Reconfigure Hyper-V replica replication interval

I like the feature of Hyper-V replica – but sometimes if you are configuring it quickly you might fail to set the right replication interval (by default 5 minutes). There is a possibility in PowerShell to change the interval so for example if you have configured your replication to happen every 5 minutes and you want to change that to 30 seconds you can do it by using this cmdlet (this one will change all current replicas to 30 seconds – you can do it for individual replication also):

Get-VMReplication | Set-VMReplication -ReplicationFrequencySec 30

 

 

S2D 2.0 (Windows server 2019) – Nested mirror and Nested mirror accelerated parity – how to expand a tier / volume?

As a big fan of S2D since Windows server 2016 and with more than 15 implementation of various systems and configurations I wanted to help you out with resizing of new (only 2 node S2D on Windows server 2019 supported) feature called Nested mirror and Nested mirror accelerated parity volumes.

First of all – just to be short – Microsoft did a great job to address the possibility of two simultaneous failures in two node S2D scenarios. You have the possibility to use two resiliency mechanisms – one that gives you more performance but it takes a lot of space called – Nested mirror (so all the data is written 4 times – 2 times on one node an 2 times on the other) which gives you ~ 25% of usable space and Nested mirror accelerated parity where you combine nested mirror with parity so you are able to achieve around 40-45% of usable space – but yes – party tier is more compute intensive as redundancy must be calculated – so it reduces performance (test so far do not show dramatic impact).

You can read more about this two options that were released with Windows server 2019 on a Microsoft website – official documentation.

I was playing a bit with configuration of some volumes by using this two new options and I decided to create a mirror accelerated parity which can be done by using Powershell (for not that is the only option).

I created tier templates as described in MS documentation (mentioned earlier). So I finished with the result that looks like:

Get-Volume -FriendlyName NestedMirrorAcceleratedParity | ftps2

Underneath you can see that there are two tiers that are fundamental parts of this volume.

Get-StorageTier | ft FriendlyName,TierClass,ResiliencySettingName,FaultDomainREdundancy,Size,FootprintOnPool
ps1

So if you want to extend your volume you must extend first of all every tier (or only one of them) – so in this case: NestedMirrorAcceleratedParity-NestedParity and/or NestedMirrorAcceleratedParity-NestedMirror.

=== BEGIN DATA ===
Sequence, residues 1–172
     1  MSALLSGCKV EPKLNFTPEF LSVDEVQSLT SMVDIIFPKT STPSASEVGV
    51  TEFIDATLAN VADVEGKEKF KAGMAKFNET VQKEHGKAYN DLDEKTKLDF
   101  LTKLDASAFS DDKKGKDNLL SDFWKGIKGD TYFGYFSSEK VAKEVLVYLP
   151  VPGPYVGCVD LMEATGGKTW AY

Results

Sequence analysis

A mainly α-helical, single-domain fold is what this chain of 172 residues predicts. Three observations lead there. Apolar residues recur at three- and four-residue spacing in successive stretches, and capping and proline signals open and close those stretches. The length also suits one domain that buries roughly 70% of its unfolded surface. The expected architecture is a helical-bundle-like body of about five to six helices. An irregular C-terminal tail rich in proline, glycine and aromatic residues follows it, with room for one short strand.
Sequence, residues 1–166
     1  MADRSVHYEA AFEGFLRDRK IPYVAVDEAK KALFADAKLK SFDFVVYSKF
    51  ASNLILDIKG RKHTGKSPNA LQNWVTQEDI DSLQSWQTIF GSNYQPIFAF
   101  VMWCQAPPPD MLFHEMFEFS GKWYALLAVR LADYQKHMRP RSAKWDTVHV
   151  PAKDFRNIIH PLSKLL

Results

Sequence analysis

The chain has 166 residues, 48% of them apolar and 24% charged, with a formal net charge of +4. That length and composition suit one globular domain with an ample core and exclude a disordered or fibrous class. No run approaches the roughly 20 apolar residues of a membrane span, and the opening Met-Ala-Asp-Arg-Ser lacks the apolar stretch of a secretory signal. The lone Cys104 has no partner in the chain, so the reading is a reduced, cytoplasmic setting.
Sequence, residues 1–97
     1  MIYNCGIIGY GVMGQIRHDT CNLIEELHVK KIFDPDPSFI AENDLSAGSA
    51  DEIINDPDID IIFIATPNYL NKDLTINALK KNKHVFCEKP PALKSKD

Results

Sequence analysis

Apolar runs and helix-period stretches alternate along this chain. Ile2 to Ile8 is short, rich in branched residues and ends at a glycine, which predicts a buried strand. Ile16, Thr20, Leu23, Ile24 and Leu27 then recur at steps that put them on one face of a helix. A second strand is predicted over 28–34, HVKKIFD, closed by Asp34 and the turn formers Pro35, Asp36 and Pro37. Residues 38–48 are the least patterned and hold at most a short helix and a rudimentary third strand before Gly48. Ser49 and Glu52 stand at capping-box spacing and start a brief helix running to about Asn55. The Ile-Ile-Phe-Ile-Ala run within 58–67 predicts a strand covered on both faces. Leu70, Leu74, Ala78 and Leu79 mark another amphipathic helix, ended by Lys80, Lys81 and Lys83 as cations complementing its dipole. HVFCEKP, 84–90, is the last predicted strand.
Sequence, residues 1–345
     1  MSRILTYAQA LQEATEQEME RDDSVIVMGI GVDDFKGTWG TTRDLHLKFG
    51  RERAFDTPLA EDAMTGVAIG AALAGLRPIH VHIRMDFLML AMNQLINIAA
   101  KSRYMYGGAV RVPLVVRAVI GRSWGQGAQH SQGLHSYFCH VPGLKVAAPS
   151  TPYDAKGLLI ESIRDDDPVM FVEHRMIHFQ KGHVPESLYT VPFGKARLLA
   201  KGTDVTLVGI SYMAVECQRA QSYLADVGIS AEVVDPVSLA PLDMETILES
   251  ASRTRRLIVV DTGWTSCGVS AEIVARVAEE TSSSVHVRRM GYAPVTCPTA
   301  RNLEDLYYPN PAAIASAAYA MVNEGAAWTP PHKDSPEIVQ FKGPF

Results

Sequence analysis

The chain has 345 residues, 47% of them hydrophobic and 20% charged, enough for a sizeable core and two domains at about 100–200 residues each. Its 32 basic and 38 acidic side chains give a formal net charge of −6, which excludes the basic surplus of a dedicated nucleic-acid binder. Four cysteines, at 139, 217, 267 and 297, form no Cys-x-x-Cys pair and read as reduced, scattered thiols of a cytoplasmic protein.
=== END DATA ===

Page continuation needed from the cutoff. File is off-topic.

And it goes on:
You can do it just by using commandlet – for example for party tier:

Resize-StorageTier -FriendlyName NestedMirrorAcceleratedParity-NestedParity -Size 6TB

*System will not allow you to go over size of total pool capacity – for example my pool has 24 TB of space – my nested mirror and resiliency have a pretty nice footprint on pool so what I did was a volume that was created from 1 TB of nested mirror (for speed) and 7 TB of parity (for capacity) – S2D / ReFS will take care of dynamic hot/cold data placement.
s2dsize

As you can see the sum of FootprintOnPool in TB is under my total capacity and system does not allow me to make a bigger tiers. You can also see storage efficiency that I get from physical disks after using this two resiliency mechanisms.

tier1

After resizing one or both tiers than you can query your virtual disk for supported size that it can be extended to.

Get-VirtualDisk -FriendlyName NestedMirrorAcceleratedParity | Get-Disk | Get-Partition | Where Type -eq Basic | Get-PartitionSupportedSize

After receiving the maxsize parameter you can expand your virtual disks partition (in my case from 6 TB to 8 TB (of which 1 TB nested mirror and 7 TB nested parity):

Get-VirtualDisk -FriendlyName NestedMirrorAcceleratedParity | Get-Disk | Get-Partition | ? Type -eq Basic | Resize-Partition -Size 8796076224512

As a result you can see that disk that was resized from 6TB to 8TB in Admin center which I encourage you to try and to start using if you are jumping in Microsoft software defined storage / network journey!

admin center